Macquarie University’s new library is open till 10pm for refreshments, an oasis in an area of scant facilities

5 January 2012 – Plans are at last progressing to turn the rapidly developing residential and industrial heart of the Sydney suburbs of Macquarie Park and North Ryde into a more vibrant community centre – but it will still take time.

For the many residents of the area including students and staff at Macquarie University and for those working in the offices around the industrial area of Macquarie Park, the food and entertainment hub has been the Macquarie shopping centre. But its shops close at 5.30pm – excluding late night Thursday shopping – with the exception of one or two major supermarkets.

You can imagine the complaints from students who come from 24-hour cities like Beijing and Tokyo let alone locals. If you run out of milk at 10pm, forget it till the morning. Then you have to go into a large supermarket in the shopping centre just to buy a carton – unless you get it at a campus shop which closes around 7pm most nights.

There are no convenience stores in this area. Early or late night ones.

According to urban planners Urbis, this corridor has emerged as a sought after scientific and technology business park over the past 10-15 years. So where are the smaller shops which open all hours ? The cafes, the entertainment spots ?

The only ones nearby are the popular student’s watering hole, The Ranch and the more upmarket Stamford Hotel both in Herring Road. Or you hop on a train or bus for the 45 minute ride to the city.

However, residential development continues at a fast rate, even if the facilities to complement it are not around.

Ian Cady, associate director urban planning at Urbis, says the developers have been involved in half a dozen recent major projects in the Macquarie Park/North Ryde corridor.

Stage 1 of Toga’s Macquarie Central residential project at 128 Herring Rd was recently released and 90 per cent of the 244 apartments offered were sold in a single morning.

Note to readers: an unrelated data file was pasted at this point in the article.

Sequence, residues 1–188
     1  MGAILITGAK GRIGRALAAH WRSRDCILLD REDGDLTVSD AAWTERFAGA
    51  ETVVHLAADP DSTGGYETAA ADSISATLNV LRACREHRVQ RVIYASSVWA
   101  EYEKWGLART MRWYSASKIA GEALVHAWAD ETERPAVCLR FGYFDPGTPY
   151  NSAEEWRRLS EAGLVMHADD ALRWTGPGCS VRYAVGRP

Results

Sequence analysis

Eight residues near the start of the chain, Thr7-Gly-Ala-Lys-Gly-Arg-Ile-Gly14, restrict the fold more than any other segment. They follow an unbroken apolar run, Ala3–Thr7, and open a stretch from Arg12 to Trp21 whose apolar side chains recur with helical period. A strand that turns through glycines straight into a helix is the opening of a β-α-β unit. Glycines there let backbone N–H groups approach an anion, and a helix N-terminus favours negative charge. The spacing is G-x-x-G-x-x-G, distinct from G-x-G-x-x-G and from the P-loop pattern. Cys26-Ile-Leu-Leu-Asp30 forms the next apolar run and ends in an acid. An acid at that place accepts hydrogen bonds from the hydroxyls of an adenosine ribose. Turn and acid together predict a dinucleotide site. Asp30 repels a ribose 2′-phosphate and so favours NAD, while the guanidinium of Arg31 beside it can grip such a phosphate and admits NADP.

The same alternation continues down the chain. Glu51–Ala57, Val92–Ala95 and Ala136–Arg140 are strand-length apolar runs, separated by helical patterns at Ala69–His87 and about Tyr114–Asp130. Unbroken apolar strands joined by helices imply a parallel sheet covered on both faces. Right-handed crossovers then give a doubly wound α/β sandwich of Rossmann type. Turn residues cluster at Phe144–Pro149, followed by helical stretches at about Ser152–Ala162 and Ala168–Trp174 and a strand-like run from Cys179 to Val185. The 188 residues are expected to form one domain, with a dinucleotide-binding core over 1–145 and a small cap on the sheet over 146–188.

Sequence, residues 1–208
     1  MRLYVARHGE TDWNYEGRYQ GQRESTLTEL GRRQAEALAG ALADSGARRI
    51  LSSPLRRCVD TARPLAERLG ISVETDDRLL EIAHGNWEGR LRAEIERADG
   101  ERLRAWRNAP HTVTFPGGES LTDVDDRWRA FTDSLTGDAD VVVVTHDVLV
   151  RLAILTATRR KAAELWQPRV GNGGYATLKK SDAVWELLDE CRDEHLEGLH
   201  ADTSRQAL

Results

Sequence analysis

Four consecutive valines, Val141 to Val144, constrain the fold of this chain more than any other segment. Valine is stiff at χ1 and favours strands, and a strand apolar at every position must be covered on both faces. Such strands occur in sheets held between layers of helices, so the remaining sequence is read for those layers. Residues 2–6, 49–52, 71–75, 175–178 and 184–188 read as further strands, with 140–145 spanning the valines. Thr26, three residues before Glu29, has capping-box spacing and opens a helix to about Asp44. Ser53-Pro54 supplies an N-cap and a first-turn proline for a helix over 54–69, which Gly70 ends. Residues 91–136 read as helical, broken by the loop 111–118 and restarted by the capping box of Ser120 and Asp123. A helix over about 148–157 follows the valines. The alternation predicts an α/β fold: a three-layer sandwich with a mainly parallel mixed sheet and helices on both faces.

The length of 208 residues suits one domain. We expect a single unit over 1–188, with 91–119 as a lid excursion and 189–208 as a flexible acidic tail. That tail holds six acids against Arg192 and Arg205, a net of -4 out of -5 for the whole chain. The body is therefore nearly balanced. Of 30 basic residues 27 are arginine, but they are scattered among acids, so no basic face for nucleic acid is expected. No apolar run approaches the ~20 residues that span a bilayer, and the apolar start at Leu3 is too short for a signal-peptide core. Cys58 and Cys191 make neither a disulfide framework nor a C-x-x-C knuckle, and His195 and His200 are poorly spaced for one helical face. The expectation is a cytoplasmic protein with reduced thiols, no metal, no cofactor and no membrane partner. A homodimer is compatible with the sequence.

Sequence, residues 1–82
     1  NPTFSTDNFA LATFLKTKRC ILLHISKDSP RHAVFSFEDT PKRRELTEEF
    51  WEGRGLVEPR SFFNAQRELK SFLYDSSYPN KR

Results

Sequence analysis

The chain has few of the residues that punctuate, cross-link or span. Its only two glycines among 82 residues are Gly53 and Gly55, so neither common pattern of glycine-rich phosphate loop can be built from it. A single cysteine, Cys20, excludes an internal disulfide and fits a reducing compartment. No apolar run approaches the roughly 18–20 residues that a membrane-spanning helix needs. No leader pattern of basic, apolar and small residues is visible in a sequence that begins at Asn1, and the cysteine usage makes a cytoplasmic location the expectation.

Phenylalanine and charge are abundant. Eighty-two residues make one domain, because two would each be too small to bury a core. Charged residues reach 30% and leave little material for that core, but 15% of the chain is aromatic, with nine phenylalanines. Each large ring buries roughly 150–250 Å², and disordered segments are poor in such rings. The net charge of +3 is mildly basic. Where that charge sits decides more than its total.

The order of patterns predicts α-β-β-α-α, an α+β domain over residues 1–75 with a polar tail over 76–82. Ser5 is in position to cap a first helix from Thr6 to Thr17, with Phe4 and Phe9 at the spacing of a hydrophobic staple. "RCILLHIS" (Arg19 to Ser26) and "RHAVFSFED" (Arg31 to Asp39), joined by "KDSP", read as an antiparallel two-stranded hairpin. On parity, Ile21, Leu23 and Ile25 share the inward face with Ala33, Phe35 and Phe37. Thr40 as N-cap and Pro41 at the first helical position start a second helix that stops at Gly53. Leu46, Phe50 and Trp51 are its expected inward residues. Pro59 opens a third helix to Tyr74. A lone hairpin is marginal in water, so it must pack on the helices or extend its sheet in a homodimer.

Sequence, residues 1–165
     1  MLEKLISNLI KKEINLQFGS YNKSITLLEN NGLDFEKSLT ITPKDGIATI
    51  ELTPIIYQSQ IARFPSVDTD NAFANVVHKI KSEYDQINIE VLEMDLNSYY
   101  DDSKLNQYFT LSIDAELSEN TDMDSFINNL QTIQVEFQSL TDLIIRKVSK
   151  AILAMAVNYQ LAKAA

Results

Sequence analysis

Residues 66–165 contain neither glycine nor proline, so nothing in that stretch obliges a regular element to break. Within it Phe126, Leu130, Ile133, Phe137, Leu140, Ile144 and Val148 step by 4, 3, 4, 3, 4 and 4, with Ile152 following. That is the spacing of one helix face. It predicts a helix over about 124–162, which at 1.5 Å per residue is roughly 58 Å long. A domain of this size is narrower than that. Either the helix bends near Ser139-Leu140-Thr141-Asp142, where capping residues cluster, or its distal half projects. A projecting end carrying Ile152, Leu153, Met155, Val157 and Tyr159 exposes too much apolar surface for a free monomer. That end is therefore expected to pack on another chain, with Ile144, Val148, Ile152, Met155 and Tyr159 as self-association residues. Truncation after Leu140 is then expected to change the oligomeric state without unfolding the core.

Typical 50 square metre one bed apartments with parking sold for $515,000, while 70 square metre two-bed apartments sold for $630,000. This represented a very healthy $8000 – $9000 a square metre. Three bed-apartments were less popular during the initial release.

Demographic analysis undertaken by Urbis social planning identified that Macquarie Park has a young adult population (average 31 years) with few children. A very high proportion of the population is from overseas (Asian born) with university qualifications.

The proportions of lone person and apartment households (40 per cent and 73 per cent respectively) are very high by Sydney standards.  However, contrary to some market expectations, the majority of apartments were sold to locals, not overseas investors, with high employment growth and transport accessibility being major attractors.

The emergence of a high density localised residential apartment market is considered to be a transitory step for the area feeding off ongoing growth in localised education and commercial precincts. .

Hot on the heels of the Macquarie Central Project are applications for major residential projects by EGC Funds (Allengrove, 196 apartments & Whiteside, 213 apartments ), St Hilliers (232 apartments) and the Stamford Plaza Redevelopment (625 apartments in seven buildings which range in scale from eight to 22 storeys).

Stamford is proposing 1020sqm of retail and commercial space, in addition to a 230 square metres community facility.

While the final composition of uses within the commercial/retail space has not been resolved there is likely to be a convenience store, café and similar retailing. The final tenancy and operating hours will be resolved at a later stage of the project.

One of the few cafes in North Ryde

ut there is no certainty on timing, Mr Cady says. The project is in two stages and the second stage would likely not be completed for another one to three years.

A 168 room hotel including ground floor restaurant/cafe and bar is also proposed in the area.

For those walking around the usually deserted streets a few blocks from the Macquarie University campus you can grab a coffee before 10pm at the university’s new library.

Mark Fowler, general manager, retail services, Campus Experience at the university said there was regular daily and weekly entertainment in the Atrium building and the Ubar on level 2 of Campus Hub, which is not just confined to students.